Google. Twitter. Facebook. Back before they got big, companies like these were just startup ideas, born in dorm rooms and run out of garages. Then came the venture capitalists: rich, older men ready to fund the brilliant ideas of younger, creative men.
But what if you are a woman with a startup idea? A new study says you might not do so well. It's been well-documented that businesses started by women receive very little venture capital money.
"Women-led businesses probably only receive between 5 and 10 percent of all the venture capital that's allocated to startups in their very earliest in their growth phases," says Fiona Murray, who researches business innovation at Massachusetts Institute of Technology.
Murray partnered up with colleagues at Harvard Business School to find out why the funding gap existed.
There were a couple hypotheses: Perhaps women are just not asking for funding, or perhaps women's business ideas don't have as much growth potential. Or maybe venture capitalists are subconsciously biased against women. The study was designed to test that third hypothesis, that women get less funding because society thinks they are worse investments.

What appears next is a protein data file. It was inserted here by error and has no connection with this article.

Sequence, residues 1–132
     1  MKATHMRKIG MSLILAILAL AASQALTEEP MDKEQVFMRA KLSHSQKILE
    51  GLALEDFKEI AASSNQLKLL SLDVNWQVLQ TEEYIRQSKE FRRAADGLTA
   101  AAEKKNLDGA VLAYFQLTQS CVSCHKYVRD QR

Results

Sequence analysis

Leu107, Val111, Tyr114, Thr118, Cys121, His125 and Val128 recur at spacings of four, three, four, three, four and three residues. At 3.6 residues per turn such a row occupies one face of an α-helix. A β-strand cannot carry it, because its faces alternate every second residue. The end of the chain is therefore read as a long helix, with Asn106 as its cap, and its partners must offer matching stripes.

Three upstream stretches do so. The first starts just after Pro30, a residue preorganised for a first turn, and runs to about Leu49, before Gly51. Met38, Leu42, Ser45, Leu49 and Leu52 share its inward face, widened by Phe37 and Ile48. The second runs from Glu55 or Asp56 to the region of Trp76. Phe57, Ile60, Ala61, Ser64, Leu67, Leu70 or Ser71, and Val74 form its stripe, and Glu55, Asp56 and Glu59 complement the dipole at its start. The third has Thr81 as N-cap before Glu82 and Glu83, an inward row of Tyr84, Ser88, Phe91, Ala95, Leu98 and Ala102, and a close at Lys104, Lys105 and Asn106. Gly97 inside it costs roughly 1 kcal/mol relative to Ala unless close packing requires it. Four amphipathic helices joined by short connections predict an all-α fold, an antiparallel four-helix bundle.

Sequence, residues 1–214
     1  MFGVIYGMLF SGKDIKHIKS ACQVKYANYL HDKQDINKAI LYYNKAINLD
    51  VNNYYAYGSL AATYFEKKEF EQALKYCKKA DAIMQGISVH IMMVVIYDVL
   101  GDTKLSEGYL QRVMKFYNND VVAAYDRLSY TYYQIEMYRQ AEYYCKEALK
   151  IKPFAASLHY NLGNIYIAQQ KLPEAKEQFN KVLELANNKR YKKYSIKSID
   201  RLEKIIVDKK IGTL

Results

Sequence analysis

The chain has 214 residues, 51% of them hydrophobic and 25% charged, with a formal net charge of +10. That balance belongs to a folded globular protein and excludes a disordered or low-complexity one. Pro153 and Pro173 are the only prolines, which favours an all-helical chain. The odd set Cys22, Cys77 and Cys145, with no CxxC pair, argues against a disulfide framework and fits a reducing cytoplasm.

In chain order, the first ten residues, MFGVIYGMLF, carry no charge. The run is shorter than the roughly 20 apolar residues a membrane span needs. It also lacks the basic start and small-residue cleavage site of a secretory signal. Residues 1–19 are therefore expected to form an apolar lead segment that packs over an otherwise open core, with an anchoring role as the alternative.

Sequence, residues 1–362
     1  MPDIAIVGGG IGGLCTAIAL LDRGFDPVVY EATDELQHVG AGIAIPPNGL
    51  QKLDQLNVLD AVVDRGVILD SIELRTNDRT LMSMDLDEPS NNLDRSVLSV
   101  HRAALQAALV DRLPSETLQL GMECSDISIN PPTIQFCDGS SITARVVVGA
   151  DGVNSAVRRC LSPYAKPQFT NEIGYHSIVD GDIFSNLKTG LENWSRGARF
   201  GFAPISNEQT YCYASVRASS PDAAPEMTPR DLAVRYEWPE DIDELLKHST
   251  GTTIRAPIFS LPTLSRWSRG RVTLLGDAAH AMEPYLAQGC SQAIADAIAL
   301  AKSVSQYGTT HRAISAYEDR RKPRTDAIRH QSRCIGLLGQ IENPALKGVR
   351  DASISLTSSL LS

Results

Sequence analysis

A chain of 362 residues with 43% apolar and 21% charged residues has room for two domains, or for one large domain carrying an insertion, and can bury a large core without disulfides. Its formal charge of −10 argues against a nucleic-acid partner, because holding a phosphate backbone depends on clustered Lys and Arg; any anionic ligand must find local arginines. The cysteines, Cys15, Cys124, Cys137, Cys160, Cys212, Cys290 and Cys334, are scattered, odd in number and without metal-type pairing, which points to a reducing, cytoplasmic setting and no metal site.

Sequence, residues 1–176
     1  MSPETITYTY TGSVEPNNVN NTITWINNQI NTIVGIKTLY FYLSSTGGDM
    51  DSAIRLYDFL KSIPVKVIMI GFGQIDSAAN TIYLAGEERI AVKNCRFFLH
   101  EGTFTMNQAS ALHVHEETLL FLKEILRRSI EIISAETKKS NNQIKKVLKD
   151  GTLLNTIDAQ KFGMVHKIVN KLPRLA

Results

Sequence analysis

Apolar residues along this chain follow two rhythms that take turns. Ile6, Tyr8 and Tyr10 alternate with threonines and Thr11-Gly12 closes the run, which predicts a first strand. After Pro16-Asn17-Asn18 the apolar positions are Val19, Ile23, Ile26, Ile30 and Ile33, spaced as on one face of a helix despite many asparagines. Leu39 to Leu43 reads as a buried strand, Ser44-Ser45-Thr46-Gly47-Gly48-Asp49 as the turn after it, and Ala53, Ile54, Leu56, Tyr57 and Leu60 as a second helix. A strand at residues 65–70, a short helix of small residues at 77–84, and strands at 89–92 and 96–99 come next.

The study used real startup pitches from real companies. Each pitch was presented in four ways to observe the effects of gender and attractiveness. It would be given in a male voice, with a photo of an attractive and less attractive person of that sex; and it was also presented in a female voice, with pictures of two women of different levels of attractiveness.
They asked venture capitalists of both genders to decide whether the pitch was convincing and whether they would invest in it.
The results were emphatic. Investors chose the businesses presented by males 68 percent of the time. "We found that individuals, both male and female, respond much more positively to pitches with male voices than a pitch with a female voice," says Murray. "There's a quite strong gender gap in how people find these pitches convincing."
What's more, they found the attractiveness of the male entrepreneur affected his success.
"There's a very positive attractive-man effect," says Murray. "People are most likely to find a pitch with a male voice with an image of an attractive man more appealing, more investable than a pitch by a less attractive man or woman. And the group that fares most poorly are actually the attractive women."
That bias held true even when women were the ones deciding whether to invest.
Murray says these results are important to understanding our own biases.
"I think the attractiveness piece speaks to some of the biases we have in society about what we think people's appropriate roles are," she says. "So we think that this has something to do with the gender stereotypes and the attractiveness stereotypes that we have out here in society."